Given that the current system of denominational polity that we have in our GA business meetings has produced circumstances that you disapprove of, the odds that this business process would accept your suggestions are very small (far smaller than the odds of the Democrats pursuing a successful filibuster of Alito).

Given the current state of how GA business is run, who shows up to deliberate and vote, the current study/action issue process, etc, I don't think we'll see our GA delegates and congregations would stop doing what they're doing.

From where I'm sitting, it looks like we have some disgrutled individuals who don't like the outcomes of this open and democratic GA business process. I'll agree that the current process isn't perfect. But it is the process that our member congregations have created.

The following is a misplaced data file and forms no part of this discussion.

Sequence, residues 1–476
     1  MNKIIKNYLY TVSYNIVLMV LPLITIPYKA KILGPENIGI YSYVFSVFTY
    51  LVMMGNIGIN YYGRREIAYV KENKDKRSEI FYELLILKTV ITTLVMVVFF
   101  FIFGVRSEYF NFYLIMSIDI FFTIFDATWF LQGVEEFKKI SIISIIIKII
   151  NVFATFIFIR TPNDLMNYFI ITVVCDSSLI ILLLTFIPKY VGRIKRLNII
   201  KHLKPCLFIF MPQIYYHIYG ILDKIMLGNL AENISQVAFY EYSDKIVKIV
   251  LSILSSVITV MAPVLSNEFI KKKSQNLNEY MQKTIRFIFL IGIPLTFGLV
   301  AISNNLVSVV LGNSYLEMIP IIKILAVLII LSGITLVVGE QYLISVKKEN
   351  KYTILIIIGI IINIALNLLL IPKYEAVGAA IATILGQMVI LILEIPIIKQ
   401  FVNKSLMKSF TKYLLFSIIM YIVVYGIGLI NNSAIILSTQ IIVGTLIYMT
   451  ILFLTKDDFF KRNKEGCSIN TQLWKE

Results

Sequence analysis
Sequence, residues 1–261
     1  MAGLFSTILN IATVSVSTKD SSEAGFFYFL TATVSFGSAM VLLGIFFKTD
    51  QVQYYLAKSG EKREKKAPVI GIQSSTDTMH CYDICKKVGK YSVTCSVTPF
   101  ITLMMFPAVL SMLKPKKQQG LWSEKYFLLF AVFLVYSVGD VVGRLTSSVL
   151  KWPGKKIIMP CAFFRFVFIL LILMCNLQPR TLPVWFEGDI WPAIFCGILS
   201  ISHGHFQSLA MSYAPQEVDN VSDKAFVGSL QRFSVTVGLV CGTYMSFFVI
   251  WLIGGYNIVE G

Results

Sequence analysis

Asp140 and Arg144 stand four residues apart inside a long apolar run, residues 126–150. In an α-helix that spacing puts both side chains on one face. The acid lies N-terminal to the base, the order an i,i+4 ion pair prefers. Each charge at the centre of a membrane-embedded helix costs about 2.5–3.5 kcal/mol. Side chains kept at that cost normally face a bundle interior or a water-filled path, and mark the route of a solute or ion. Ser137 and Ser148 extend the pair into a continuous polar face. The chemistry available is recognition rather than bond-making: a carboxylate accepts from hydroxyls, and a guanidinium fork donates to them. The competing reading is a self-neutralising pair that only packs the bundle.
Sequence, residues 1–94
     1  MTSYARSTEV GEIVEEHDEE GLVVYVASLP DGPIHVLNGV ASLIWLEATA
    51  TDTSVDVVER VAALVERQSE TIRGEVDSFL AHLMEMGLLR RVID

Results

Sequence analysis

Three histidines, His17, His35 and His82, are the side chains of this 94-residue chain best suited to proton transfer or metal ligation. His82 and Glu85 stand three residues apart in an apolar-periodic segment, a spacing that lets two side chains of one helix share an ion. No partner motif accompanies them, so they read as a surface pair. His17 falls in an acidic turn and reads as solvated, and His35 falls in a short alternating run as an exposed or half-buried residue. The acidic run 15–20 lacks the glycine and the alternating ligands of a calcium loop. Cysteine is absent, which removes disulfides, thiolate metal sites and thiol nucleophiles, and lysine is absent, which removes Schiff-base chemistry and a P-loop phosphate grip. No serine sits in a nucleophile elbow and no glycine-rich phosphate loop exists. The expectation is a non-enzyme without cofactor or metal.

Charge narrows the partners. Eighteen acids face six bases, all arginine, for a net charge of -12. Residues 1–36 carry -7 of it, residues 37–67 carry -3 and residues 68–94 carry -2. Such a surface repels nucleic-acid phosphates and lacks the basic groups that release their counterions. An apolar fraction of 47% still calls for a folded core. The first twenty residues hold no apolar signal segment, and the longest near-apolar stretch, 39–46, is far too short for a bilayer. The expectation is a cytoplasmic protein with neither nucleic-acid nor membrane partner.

I would suggest looking for realistic suggestions for improvements to how we do social justice advocacy rather than an unrealistic suggestion that the majority of GA delegates follow the wishes of a few disgrunted individuals.

Anonymous said...

First they came for the Jews...

and I did not speak out...

because that would have been considered "bitching and whining" and not taking a stance that actually "affirms" anything.

Later I wanted to speak out again, but I was told that the GA representative process is not considered sufficiently democratic by some, so I still couldn't speak out.

So I gave up.

Chalicechick said...

Well, I'm glad all you ever planned to do was speak.

If I thought you might have taken action and actually saved some Jews, I would be disappointed.